Fans eagerly awaiting their chance to throw money at Valve – at this point, fans in the line had been waiting for almost three hours
Another returning attraction is the contributors’ workshop, this year seeing the addition of numerous panels and demos led by some of the most popular Dota artists. With an actual seating area, many budding artists could attend workshops and even seek out one-on-one help. Later in the day, it was also the spot where Fnatic’s BigDaddy (or should I say n0tail) was interviewed by Kaci Atchinson, TI4’s lead interviewer and sideline reporter.
Workshop contributor Thiago Vidotto speaks with Workshop visitors
Day one featured three upper bracket games and allowed one of the teams to secure a top two finish. The showdown of the top four teams featured none other than NewBee vs. Vici Gaming and EG vs. DK, followed by the upper bracket finals. Of these, EG vs. DK was arguably one of the most anticipated series of the main event, and it didn’t disappoint as the games were some of the best of the whole day. The back-and-forth action made the arena erupt every few minutes, but EG was spurred on by USA chants and took the series 2-0.
The true highlight, however, was the amazing streak of dominance displayed by Newbee, who after having been forced into tiebreakers to stay in the tournament, battled their way straight up into the upper bracket by means of consecutive best-of-three victories. They continued where they left off and finished their first match against the #1 seeded group stage team Vici Gaming in under 15 minutes. Although Vici would come back strongly in the second game, Newbee ultimately came out on top and faced Evil Geniuses in the winner bracket finals. Once again, Newbee showed that, despite their 7-8 record in the playoffs stage, they are the team to beat. Throughout both games, the Chinese controlled the tempo and the map. EG’s strength cannot be denied either, as they stayed in the game through clever decision-making, but in the end the USA chants were silenced as Newbee won their fifth best of three in a row and took their place in the grand finals of The International 2014.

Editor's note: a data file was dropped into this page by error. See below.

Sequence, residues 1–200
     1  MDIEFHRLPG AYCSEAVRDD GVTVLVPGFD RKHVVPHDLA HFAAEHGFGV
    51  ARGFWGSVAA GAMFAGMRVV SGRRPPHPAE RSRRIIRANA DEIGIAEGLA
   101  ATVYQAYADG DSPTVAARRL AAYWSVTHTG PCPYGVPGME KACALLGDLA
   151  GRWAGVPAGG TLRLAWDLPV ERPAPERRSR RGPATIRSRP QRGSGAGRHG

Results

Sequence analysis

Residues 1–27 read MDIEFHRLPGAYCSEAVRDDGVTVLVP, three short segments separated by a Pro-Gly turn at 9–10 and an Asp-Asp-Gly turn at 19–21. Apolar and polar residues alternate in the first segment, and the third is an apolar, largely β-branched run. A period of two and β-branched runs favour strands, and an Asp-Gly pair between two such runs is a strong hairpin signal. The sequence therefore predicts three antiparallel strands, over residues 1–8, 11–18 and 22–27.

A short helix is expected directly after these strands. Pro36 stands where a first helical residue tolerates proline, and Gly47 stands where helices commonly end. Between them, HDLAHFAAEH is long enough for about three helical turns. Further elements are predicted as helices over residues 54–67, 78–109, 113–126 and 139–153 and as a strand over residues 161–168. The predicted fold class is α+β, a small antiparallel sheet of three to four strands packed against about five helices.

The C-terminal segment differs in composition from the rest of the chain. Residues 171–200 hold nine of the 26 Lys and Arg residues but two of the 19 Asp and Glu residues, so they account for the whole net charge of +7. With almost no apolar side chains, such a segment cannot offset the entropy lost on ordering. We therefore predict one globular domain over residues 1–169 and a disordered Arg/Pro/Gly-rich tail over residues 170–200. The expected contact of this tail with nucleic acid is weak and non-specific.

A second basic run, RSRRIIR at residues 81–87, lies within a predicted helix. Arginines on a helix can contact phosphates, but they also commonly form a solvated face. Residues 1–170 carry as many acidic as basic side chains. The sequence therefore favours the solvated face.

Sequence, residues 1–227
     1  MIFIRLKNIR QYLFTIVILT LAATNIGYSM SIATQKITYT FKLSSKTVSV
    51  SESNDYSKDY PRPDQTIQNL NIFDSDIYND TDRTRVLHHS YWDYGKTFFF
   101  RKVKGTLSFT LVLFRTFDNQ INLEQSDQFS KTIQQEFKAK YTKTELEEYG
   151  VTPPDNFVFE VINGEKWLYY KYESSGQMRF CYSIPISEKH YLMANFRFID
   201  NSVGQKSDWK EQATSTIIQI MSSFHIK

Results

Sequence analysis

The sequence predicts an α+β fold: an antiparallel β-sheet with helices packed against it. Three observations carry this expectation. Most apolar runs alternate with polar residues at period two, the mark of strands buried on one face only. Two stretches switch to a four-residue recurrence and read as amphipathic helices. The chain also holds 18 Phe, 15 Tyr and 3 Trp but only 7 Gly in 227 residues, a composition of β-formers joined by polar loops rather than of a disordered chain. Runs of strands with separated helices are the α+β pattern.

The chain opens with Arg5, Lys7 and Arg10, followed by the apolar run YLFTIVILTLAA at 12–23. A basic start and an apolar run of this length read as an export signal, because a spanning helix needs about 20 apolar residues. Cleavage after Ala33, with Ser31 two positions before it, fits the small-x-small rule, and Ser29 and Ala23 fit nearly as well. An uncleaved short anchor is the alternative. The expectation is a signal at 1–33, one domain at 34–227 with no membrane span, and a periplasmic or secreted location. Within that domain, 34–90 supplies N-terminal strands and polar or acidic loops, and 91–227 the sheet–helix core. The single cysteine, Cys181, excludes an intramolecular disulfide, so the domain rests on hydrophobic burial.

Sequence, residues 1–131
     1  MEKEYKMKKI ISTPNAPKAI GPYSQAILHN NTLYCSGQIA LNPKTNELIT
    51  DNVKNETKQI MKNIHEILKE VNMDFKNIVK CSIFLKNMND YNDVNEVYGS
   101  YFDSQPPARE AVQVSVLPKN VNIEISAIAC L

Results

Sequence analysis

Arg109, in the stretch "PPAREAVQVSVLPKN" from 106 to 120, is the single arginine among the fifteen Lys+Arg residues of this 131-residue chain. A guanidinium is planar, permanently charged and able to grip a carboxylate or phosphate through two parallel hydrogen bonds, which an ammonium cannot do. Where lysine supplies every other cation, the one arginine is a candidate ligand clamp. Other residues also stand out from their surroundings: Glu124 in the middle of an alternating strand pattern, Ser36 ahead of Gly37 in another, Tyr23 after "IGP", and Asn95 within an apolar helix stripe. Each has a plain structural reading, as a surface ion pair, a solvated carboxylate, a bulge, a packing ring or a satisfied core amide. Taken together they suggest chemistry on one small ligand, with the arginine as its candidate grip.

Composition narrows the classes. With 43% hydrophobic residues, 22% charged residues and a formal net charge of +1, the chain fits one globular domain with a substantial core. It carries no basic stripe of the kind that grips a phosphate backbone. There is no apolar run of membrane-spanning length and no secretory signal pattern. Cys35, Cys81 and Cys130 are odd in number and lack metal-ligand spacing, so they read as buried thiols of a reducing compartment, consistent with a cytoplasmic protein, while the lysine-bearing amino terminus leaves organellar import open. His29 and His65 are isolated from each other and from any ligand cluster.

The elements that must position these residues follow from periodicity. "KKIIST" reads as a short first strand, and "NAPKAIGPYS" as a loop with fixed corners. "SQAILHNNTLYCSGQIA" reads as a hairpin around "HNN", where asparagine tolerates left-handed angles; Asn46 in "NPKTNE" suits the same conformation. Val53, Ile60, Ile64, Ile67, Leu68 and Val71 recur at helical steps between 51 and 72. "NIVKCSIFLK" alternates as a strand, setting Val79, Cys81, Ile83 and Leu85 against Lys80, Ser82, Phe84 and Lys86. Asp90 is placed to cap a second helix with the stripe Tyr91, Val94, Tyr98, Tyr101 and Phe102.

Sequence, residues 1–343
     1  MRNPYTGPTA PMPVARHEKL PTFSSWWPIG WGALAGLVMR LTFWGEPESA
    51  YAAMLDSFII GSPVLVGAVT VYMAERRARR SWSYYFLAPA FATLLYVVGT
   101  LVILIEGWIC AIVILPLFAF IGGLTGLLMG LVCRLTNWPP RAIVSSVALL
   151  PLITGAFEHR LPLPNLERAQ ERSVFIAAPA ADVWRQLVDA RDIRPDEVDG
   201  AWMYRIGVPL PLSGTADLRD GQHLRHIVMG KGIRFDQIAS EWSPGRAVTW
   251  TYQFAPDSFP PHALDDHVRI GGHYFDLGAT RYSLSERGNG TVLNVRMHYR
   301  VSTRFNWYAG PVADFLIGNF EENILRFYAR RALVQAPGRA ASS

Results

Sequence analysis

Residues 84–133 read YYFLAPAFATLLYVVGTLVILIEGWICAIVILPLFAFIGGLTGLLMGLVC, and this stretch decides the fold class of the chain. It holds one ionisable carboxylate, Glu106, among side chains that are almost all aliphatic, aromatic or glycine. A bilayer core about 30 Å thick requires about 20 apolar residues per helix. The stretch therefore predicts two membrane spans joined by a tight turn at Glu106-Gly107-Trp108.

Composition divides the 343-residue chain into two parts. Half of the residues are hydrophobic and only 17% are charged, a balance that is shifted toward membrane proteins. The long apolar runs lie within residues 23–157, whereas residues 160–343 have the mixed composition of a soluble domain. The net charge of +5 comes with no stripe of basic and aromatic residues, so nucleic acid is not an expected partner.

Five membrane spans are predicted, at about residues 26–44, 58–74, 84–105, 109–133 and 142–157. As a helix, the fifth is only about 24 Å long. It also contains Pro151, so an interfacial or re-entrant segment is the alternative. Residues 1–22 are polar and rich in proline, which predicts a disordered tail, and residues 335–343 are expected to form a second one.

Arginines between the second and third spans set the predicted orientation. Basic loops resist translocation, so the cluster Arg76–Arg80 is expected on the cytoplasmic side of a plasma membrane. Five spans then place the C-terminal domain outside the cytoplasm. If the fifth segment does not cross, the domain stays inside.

Day one reflection
After a long wait, the year’s biggest eSports tournament final began, and it truly did not disappoint. The venue was impressive, and the setup made good use of KeyArena’s space. Despite a few technical hiccups such as projectors breaking down during the first game and incorrect graphics occasionally being shown on stream, it was a great day for Dota and eSports in general.
Almost everything about last year’s international has been improved upon. However, as the scale of the event has grown, Valve has a few more challenges to address. The wait times for the Secret Shop are unbearable, especially as you can’t watch the games while waiting in line. The food in the venue was somewhat overpriced and also subject to long lines at times (something which is probably hard to avoid at any kind of stadium event), but Bite of Seattle was taking place just next door, which gave attendees more choices for lunch and dinner.
Anyway, there’s much more Dota to be played, and today was an almost perfect start for Valve and The International. I’ll try to bring out more blog posts on the happenings here as well as some videos including a KeyArena and Secret Shop walkthrough in addition to a few interviews with players and personalities!